Pope Mourns Former Italian President Cossiga

Held Office From ’85 to ’92

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CASTEL GANDOLFO, Italy, AUG. 17, 2010 (Zenit.org).- Benedict XVI is mourning the death today of Francesco Cossiga, 82, who was president of Italy from 1985 to 1992.

Cossiga had been admitted to the hospital last week with respiratory problems. Vatican Radio reported that the Pope sent Archbishop Salvatore Fisichella to visit the ex-president in the hospital.

The Vatican press office affirmed the Holy Father’s condolences for the family of Cossiga, an «important protagonist in Italian national life and a man of faith.»

Cardinal Angelo Bagnasco, president of the Italian Episcopal Conference, recalled in a statement today Cossiga’s «deep sense of state and intense experience of faith, attested to during long years of academic activity and political involvement.»
Francesco Cossiga was born July 26, 1928, in Sassari, Sardinia.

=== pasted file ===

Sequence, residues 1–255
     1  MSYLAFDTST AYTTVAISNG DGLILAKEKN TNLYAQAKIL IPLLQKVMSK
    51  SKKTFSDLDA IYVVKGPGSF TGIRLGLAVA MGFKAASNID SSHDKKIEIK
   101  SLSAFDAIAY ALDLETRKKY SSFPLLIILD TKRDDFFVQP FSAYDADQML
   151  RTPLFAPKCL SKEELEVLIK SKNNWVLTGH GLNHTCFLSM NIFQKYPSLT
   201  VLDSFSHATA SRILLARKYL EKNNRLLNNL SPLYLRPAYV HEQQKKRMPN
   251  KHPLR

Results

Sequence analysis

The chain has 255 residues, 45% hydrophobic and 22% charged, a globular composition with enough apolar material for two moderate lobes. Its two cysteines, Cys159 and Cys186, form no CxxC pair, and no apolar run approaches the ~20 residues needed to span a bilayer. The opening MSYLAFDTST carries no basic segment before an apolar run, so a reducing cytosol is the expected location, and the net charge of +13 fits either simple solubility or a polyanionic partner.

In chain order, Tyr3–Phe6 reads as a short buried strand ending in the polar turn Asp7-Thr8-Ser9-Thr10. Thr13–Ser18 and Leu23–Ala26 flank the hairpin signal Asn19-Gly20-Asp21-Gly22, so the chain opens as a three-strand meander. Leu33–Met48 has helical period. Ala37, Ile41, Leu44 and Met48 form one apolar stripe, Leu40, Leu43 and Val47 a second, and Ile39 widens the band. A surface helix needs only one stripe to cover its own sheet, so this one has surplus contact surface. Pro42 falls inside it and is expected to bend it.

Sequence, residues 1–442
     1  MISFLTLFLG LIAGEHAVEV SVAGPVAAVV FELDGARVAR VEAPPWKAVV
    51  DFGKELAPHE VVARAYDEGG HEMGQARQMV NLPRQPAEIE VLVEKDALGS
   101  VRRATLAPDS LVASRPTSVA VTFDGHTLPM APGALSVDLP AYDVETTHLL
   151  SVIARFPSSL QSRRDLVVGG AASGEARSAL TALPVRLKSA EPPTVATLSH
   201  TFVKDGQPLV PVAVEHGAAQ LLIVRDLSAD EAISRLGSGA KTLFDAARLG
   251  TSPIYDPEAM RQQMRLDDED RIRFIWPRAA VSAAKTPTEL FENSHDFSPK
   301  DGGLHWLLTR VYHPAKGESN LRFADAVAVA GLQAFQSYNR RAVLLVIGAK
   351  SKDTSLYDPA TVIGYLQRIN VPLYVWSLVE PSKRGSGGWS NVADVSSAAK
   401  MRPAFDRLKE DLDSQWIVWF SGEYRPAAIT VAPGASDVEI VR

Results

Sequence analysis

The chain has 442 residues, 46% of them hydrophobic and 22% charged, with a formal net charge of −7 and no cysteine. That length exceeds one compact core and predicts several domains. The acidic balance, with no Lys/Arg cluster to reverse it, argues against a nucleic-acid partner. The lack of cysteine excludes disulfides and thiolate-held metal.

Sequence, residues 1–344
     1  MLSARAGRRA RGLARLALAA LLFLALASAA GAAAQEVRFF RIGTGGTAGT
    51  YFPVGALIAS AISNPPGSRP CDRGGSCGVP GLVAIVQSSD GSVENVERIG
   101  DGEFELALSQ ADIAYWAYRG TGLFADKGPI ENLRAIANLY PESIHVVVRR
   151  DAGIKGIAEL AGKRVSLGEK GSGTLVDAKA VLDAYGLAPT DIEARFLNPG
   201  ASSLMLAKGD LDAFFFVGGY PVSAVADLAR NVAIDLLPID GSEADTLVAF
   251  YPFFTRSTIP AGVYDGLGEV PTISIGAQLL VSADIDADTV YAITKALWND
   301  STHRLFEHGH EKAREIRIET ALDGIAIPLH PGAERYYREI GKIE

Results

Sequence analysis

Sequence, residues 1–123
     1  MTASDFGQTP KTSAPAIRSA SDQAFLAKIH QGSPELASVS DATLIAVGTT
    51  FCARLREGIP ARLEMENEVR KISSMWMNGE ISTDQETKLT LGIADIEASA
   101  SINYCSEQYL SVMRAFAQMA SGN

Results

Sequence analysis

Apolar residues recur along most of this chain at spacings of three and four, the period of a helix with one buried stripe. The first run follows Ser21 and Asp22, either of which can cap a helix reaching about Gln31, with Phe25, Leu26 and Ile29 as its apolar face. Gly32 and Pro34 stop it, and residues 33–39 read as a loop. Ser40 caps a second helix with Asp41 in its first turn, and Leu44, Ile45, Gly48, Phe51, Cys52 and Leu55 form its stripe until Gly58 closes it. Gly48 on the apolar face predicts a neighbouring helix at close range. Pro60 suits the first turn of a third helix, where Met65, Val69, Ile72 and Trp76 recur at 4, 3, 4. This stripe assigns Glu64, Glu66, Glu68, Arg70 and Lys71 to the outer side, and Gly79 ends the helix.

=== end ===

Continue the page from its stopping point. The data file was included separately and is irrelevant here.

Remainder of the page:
When he was serving as minister for internal affairs, Aldo Moro, a former Italian prime minister, was kidnapped and killed by the Red Brigades terrorist organization; Cossiga would then resign.

However five years later he was elected president of the Italian Senate and then president of the republic. He was the first candidate to win on the first ballot, where a majority of more than two-thirds is necessary.

Man of state

The Vatican’s semi-official daily, L’Osservatore Romano, also recalled Cossiga’s contribution to the nation.

The name Francesco Cossiga «appeared in many crucial moments for the life of the country, from the post-war reconstruction to the student movements, from the dark years of terrorism to the exhaustion of an age and a political generation, under the blows of judicial investigations and the turbulence caused by the fall of the Berlin Wall,» the paper reported.
The deceased statesman was also a «man of the so-called First Republic, of which he can be considered a symbol, representative of a generation that, from the ashes of the Fascist 20s and the Second World War, was able to build a new Italy, in a context full of difficulties and contradictions as was that of the Cold War,» it continued.
L’Osservatore Romano called Cossiga «a man of state. Of that state that at times has been able to transmit the sense of firmness and the certainty of law and that at times has trembled under the blows of terrorism and plots, real or alleged, which every now and then flowered in a certainly particular context such as the Italian one, especially from the 70s to the 90s of the last century.»

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